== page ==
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How to…research?

 

Conducting research is a personal thing. One way may work for some but not for others. The thing is to remember there is no right or wrong way of researching your topic. The only trick is – and it is a very important one (no matter what topic you may be writing for, whether for genre or literary fiction, for a non-fiction piece, for essays and assignments) – the trick is to be thorough.

I’m lucky and have acquired research skills from studying History at university, this enables me to focus my mind, skim read the piece and still glean key points from it. But this only comes from practice, like all skills, you have to work at them. But don’t be dismayed if you’re unsure where and how to start. Just use my advice as a guideline.

My particular way of doing things is to start broad to gain a general understanding of your topic or in my case, period of time.

I’ll give you an example to demonstrate my point.

I’ve written about India; more specifically the Mutiny in the year 1857.

So I started general. Luckily, I had a lot of general information under my belt already and had gleaned a lot of broad background information about India, specifically British India from my studies at university. (My final year special subject and dissertation was on the British Raj.)

But still, more research was needed to ‘refresh’ my memory and broaden my general knowledge of the period further.

And so I read. Academic books and articles on the period in general. Works of historical fiction set in India.

When my broad knowledge thirst had been sated, I narrowed the field.

1857. Mutiny.

And so I scoured the libraries for books on the topic. Notably, The Indian Mutiny by Julian Spilsbury, and The Indian Mutiny: 1857 by David Saul. A quick on your local library catalogue and on Amazon will bring up relevant results.

And I read. And I made notes.

Then I developed my idea for my novel.

I draw a general plan. Then a more detailed (but flexible) chapter plan. I drew detailed character profiles. I got to know my characters and the plot inside and out.

Then I began to fill in the research gaps.

I listed everything that I may need to know. Fashion, food, lifestyle, speech, weather, common names, hobbies…..and I researched them.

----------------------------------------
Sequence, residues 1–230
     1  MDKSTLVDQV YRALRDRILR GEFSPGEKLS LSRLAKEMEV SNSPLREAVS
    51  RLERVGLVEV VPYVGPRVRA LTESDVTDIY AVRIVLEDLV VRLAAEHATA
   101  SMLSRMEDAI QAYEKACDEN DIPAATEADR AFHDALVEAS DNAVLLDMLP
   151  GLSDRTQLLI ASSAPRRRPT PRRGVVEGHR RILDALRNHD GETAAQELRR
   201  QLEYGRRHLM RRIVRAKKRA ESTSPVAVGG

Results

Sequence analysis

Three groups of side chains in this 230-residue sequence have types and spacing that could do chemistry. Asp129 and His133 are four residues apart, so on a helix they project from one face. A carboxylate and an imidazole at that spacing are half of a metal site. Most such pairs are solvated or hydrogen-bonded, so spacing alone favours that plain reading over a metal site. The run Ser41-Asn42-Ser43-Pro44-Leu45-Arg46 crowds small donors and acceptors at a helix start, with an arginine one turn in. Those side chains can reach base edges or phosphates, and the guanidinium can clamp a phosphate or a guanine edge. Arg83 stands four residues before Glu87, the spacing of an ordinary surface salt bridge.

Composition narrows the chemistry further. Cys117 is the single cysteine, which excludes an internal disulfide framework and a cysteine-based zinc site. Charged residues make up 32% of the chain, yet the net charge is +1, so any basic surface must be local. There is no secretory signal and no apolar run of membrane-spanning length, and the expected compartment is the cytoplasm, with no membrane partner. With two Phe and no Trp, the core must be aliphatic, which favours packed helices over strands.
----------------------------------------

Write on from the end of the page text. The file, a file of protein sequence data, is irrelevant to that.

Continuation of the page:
Looking through a detailed chapter plan and character profile can give incredible insights to what you may need to research for you topic – things that you may never have thought you may need, for example was sugar still an expensive commodity? Would the common, average Joe be able to afford meat? Or even bread?

For a historical fiction novel, my tip is keep the general research broad, and you’ll probably find that a lot of the specific information that you may need to research may be in your notes already.

Don’t be dismayed if you’re well in to writing your novel and you come across something which you need to research. It’s quite normal not to envisage everything from the offset.

If you’re on a roll with your writing and don’t want to pause to research then just take an educated guess, keep writing, and research it later. Adding a question mark, or highlighting the text that you’re unsure of will remind you to come back to it later.

I’ve mentioned books, but the internet is also a fantastic source. Although Wikipedia may be the obvious first choice for your research – approach it with some caution because it may be incorrect. If you’re looking for a particular date for an event, it’s best to check several internet sources – this may take a little more time, but a thorough check now of the historical inaccuracies will be better than them lingering in your work.

If you can visit the places you’re writing about that’s fantastic, make notes on the sights, sounds and feelings that you get as you stand there. If the scenery is more real to you, it’ll feel more real to your reader.

Most things require research: even if you may not immediately think so. Imagine your character is talking gossip with a friend in a busy cafe. Is it too loud to easily hear one another? Are you interrupted by busy waiters/waitresses bumping past you every few minutes? You may have to take a trip to a busy cafe and experience what your character(s) would. Listen to all the sounds, smell all the smells, see all the sights. And then translate them onto the page.

 

 

My tips for research (tailored for historical novels, but can be adapted into any piece of work that requires research)

  1. Conduct general research on the topic/period. Get a feel for the time. Read as much as you can from different sources, both secondary and primary source materials, if you can.
  2. Start doing more specific research (The Indian Mutiny on a whole for example).
  3. Highlight and list all you can think about that you may need to research – these things may be very specific but equally important as the bigger things in creating an accurate piece. You shouldn’t need to spend as much time over these individual points as the broader knowledge.
  4. Draw up your character profiles and chapter plans. And add any further research topics to the list.
  5. You may/probably need to do bits of research throughout your writing. Do it sooner rather than later, but not at the expense of your flow of writing.
  6. Be cautious of the internet.
  7. Visit the places if you are able.

 

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